Four reasons why the 'Defend' movement has gone viral

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Image: Defend Our Coast

In only five days, organizers have seen the Defend Our Climate National Day of Action grow exponentially from 50 events to over 120, with rallies happening now in all major cities and every corner of Canada and a vibrant, functional coalition of over 40 organizations big and small putting everything they’ve got into making this a success. The momentum is growing every hour.

I’ve worked on environmental, climate and justice campaigns for nearly 20 years now and I’ve never seen anything like what we’re witnessing now in Canada. What’s going on here that’s fuelling this kind of movement growth?

Not just B.C. hippies anymore

Everyone knows people in "Wacky B.C." -- we prefer to think of ourselves as trend-setters, thank you --are fired up about pipelines. Big Oil and its captured Harper government picked the wrong province in which to start its war.

While they love to frame British Columbians as anti-development radicals who don't live in the real world, but if you look at the photos from the wildly successful Defend Our Coast rallies a year ago last month, or at any of the polls, you'd see this movement has captured the heart of this province in a way nothing has in a long time.

In 2012 resistance to the tar sands was largely isolated to two or three mostly locally driven campaigns. Folks in B.C. were all fired up -- rightly so -- about Enbridge, the dumbest industrial project anyone could possibly conceive of. But we only saw pockets of concern to this very national tar sands disaster in most other areas of the country.

Four things happened in 2013 to change that.

1. Americans made us famous

As Canadians we love to snub our noses at various forms of American extremism, while thinking of ourselves as a slightly more advanced culture. How the tables have turned in just a few short years! I’ve had countless conversations this year with American progressive friends, who all ask me the same thing -- hat the heck happened to you guys, and how did it happen so fast?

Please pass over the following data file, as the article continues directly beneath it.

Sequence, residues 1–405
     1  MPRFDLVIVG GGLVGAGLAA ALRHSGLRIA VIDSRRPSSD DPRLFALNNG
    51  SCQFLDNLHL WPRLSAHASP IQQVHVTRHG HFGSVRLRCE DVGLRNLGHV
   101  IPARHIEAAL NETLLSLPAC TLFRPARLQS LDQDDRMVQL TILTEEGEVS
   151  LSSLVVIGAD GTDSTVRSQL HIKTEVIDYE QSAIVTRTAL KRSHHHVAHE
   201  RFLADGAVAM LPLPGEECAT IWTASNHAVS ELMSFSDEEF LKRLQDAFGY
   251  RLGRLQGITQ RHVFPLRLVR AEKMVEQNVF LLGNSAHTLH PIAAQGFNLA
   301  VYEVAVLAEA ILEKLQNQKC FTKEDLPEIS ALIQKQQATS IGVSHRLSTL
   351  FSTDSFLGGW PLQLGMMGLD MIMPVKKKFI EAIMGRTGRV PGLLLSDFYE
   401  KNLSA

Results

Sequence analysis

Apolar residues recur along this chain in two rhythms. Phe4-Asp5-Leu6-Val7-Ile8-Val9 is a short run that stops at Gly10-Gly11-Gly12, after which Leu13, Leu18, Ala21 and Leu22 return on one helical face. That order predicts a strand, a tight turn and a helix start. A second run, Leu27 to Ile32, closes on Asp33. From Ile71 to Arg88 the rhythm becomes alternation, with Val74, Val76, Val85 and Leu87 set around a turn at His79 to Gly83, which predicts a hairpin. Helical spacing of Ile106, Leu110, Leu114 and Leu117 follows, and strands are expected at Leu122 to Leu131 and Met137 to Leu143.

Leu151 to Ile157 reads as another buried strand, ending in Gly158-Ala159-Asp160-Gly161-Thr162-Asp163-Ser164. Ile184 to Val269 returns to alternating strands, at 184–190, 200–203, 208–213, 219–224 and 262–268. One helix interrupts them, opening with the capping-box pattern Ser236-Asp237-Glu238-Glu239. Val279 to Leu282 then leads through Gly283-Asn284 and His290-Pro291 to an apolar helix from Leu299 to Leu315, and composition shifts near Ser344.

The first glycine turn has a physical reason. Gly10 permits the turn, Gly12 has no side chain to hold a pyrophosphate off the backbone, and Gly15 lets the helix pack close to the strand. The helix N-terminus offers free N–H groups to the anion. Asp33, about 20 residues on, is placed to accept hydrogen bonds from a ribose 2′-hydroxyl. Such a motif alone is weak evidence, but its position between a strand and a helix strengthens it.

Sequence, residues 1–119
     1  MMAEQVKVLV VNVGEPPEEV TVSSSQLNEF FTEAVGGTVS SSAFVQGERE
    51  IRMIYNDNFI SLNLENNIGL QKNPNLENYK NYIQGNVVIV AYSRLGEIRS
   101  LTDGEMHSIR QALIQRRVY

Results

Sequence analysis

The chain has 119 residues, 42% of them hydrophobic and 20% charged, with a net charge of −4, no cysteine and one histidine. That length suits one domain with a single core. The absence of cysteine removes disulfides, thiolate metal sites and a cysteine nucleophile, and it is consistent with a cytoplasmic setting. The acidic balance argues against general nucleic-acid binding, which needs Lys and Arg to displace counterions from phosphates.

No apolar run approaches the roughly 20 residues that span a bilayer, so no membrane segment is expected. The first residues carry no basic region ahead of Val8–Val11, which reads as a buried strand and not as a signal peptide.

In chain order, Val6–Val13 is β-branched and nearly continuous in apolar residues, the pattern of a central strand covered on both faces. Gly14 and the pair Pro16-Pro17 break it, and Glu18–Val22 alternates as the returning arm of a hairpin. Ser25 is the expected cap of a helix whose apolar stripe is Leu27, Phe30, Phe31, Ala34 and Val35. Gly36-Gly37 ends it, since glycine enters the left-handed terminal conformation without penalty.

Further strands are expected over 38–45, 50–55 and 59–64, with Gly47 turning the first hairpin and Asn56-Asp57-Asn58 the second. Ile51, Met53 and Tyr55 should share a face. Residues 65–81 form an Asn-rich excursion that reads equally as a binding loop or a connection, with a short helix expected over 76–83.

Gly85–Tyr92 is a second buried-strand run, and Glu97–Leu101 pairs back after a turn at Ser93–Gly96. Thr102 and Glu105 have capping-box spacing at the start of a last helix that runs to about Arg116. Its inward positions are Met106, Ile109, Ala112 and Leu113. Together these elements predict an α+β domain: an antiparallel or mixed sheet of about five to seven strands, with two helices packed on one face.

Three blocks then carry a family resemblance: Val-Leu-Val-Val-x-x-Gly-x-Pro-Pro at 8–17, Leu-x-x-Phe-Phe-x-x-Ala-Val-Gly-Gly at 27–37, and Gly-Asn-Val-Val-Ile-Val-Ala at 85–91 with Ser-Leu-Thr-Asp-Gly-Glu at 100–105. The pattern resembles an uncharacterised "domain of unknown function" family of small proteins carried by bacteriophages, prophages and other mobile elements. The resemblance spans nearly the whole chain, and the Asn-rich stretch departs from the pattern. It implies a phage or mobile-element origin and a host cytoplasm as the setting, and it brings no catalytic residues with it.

The Keystone XL battle brought the full force of the powerful U.S. climate movement against our tar sands because it was a rare decision Obama could make on his own, and anyone who is willing to look at the climate math knows this pipeline will unlock massive growth of the world’s dirtiest oil that will undo any meaningful progress on carbon emissions the U.S. can make otherwise.

The almost daily negative comments from Robert Redford, The New York Times editorial board, Senators, Billionaires and even President Obama himself have taken their toll on Brand Canada. Americans are finally interested in us! But not for what we wanted them to.

2. Pipelines are everywhere

2013 is the year industry brought their pipes to the people. In addition to two in B.C. and through the U.S. heartland, thanks to Enbridge’s Line 9 and TransCanada’s giant Energy East -- and let’s not even count the other giant Great Lakes pipe they are planning now -- high pressure bitumen pipelines are now planned to pass through the aquifers and waterways of the majority of Canada’s population.